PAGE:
Wednesday, May 27, 2009

The Right Stuff

Now this is seriously cool. I was sent a link to an article called "They Write the Right Stuff." It's about the software that powers the US space program and the team of developers that write it. Here's a paragraph from the article:

But how much work the software does is not what makes it remarkable. What makes it remarkable is how well the software works. This software never crashes. It never needs to be re-booted. This software is bug-free. It is perfect, as perfect as human beings have achieved. Consider these stats : the last three versions of the program -- each 420,000 lines long-had just one error each. The last 11 versions of this software had a total of 17 errors. Commercial programs of equivalent complexity would have 5,000 errors.

The article goes on to discuss what the team does to ensure the software is this good and why it's so absolutely critical that it is flawless. The answer to "why" is fairly obvious. Think of a multi-ton spacecraft lifting off and shooting into space. Think of a spacecraft moving at 17,500 miles per hour and needing to adjust course precisely to hit a re-entry point. Think of the crew sitting inside. Wow! It gives you a whole new perspective on what it could mean if you have bugs in your code.

I agree with the article that software development seems to be in the "cave man" phase of evolution. I see a lot (and I mean a lot) of buggy code and bad SQL. And the prevailing attitude is usually "log a defect...we'll prioritize it and get it fixed when we can". What if the code that controls the space shuttle was treated that way?

I get it that having bugs in the software that runs our businesses doesn't mean life or death. I also understand that often the speed with which new features in software are delivered is more critical than delivering that feature "bug free" or, for that matter, delivering it knowing it will perform well! But knowing that the ability to create code of this quality is possible makes me wish (even more so than I already do) that the software development process was approached with greater care by everyone. Not just by the developers of code that must be bug free or people could die.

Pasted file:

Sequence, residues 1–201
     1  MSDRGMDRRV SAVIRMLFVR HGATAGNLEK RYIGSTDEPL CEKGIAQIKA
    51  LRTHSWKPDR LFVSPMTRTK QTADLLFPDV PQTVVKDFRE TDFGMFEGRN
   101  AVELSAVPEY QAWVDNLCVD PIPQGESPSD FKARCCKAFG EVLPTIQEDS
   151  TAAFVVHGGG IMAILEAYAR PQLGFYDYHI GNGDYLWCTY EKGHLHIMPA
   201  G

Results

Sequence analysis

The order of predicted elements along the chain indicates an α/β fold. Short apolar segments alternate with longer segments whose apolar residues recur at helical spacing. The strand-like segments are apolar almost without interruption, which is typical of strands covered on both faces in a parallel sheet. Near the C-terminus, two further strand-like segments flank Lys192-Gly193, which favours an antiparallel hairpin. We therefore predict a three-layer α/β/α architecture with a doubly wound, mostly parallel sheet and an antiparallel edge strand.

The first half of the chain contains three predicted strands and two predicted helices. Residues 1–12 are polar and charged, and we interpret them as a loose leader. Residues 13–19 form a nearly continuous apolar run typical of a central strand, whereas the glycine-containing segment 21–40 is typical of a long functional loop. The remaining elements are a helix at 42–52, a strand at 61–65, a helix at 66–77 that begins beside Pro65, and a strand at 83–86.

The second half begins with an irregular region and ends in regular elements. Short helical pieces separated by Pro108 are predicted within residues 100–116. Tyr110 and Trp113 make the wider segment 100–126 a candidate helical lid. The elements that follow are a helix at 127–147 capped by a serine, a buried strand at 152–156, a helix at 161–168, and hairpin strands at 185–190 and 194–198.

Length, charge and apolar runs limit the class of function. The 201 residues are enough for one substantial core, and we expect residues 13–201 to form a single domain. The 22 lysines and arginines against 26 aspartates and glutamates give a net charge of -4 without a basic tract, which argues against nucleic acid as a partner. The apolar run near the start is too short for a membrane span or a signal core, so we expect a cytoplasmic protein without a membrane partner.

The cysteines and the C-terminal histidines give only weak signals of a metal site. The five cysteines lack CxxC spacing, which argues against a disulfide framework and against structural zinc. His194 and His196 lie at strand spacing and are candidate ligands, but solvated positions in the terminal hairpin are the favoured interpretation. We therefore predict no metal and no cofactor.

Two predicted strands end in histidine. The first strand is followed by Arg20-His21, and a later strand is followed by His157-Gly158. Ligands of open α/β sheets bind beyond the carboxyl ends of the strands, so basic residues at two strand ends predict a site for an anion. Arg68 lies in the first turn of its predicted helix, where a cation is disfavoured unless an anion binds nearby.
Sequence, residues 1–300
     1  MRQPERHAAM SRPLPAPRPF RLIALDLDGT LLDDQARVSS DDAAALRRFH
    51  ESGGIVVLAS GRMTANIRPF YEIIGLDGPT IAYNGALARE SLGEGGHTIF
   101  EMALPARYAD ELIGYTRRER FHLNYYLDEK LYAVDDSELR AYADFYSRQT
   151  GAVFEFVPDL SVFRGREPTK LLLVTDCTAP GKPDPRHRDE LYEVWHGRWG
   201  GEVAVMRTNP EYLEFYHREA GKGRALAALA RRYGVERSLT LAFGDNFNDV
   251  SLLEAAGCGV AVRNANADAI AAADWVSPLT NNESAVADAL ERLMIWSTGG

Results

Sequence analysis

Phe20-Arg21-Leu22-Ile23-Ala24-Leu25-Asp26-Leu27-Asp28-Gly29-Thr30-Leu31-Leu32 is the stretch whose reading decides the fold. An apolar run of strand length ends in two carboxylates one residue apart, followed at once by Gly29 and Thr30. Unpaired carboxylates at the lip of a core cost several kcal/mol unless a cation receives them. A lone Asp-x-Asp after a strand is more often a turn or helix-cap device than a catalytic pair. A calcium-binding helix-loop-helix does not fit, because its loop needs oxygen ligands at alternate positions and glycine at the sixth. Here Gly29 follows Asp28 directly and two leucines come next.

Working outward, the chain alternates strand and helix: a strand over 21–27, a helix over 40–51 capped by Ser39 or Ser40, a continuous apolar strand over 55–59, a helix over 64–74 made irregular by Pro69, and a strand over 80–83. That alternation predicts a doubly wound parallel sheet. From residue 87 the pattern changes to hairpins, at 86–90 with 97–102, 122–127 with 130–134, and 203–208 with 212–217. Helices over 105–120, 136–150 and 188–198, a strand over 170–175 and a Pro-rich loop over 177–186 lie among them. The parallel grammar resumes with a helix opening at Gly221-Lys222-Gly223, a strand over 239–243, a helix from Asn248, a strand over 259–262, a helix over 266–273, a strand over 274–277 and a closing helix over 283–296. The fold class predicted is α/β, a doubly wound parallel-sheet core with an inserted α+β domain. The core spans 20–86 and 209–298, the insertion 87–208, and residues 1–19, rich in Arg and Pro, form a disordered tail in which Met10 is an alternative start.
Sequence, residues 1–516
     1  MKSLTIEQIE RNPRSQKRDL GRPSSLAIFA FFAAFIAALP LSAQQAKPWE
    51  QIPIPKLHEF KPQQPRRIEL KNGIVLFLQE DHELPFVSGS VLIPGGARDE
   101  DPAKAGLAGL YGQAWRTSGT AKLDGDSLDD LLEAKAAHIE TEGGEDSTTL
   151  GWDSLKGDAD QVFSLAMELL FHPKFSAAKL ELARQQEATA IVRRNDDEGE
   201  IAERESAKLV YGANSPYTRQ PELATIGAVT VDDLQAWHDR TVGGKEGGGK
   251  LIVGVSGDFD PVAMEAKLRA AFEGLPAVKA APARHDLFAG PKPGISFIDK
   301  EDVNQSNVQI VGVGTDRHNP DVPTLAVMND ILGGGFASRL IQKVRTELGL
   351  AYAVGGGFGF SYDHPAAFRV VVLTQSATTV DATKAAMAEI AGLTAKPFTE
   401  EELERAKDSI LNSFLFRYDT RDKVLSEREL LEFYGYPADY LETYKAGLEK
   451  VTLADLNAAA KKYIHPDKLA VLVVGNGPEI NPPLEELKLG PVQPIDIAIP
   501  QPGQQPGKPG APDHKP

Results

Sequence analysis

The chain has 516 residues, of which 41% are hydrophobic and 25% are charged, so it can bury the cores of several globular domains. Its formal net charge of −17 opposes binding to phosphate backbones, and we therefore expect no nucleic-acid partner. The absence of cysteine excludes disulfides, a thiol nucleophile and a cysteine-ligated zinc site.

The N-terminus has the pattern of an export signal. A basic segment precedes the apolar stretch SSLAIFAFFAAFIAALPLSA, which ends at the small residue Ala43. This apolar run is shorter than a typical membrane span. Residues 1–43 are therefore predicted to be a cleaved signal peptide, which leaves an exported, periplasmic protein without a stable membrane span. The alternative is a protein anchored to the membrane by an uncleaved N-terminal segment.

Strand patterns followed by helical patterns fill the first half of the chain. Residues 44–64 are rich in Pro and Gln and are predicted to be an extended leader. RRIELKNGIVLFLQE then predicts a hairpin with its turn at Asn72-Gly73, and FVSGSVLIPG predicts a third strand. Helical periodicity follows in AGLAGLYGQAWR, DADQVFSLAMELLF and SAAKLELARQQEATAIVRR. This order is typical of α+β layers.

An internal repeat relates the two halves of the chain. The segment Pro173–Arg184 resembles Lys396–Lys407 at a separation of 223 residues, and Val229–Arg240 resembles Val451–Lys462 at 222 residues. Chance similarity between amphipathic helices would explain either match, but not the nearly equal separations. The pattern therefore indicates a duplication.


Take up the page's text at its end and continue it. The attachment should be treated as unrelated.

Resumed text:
What if the code you wrote would mean someone died if it had a bug? What would you do differently? While I know it may be a poor analogy, this makes me think of the "2 minute offense" in football. The team has been playing poorly until the last 2 minutes of the game. Then, they go into this hurry up offense and really push themselves to score. My question has always been why don't they just play all out the rest of the game?

It seems to me to be similar to how software development is approached. The job gets done, often not very well, but everybody goes into 2 minute mode when the code goes into production and people start screaming about bugs and performance. If the screams are loud enough, things get fixed. It just seems that it could be done so much better to start with.

I understand the arguments for why it doesn't happen "the right way" first. But after reading this article, it makes me marvel at how cool it would be to be part of a team that looks at their code as being something that MUST NOT have bugs...ever. And, they create the processes that support achieving perfect code. I'd think those folks really like what they do and take great pride in what they develop knowing that their diligence and good work keep people alive and keep our space program running.

Cool. Very, very cool.


SydOracle said...

Its no different to the number of 9s for availability. More 9s is always possible but costs more.
I once worked on an app that was deployed to a submarine. No chance of applying patches other than at several month intervals.
We did an awful lot of testing, and it was pretty expensive. I'm not sure people want to pay that.

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Ric Van Dyke said...

Of course lot of us would be out of a job if development was that good! LOL!

Alan said...

Very good article. It reminds me of the Therac-25 radiation therapy machine. We trust our lives everyday to the people designing software. As developers we must be aware of the risk even if the software is not used as is.

jan van mourik said...

Kind of a pet-peeve of me! I often say that all software development nowadays is more like Rapid Application Design, slap it together quickly and hope it works. Quite different from when I was a developer. Anybody developing out there remember Jackson Structured Programming and Fagan Inspections?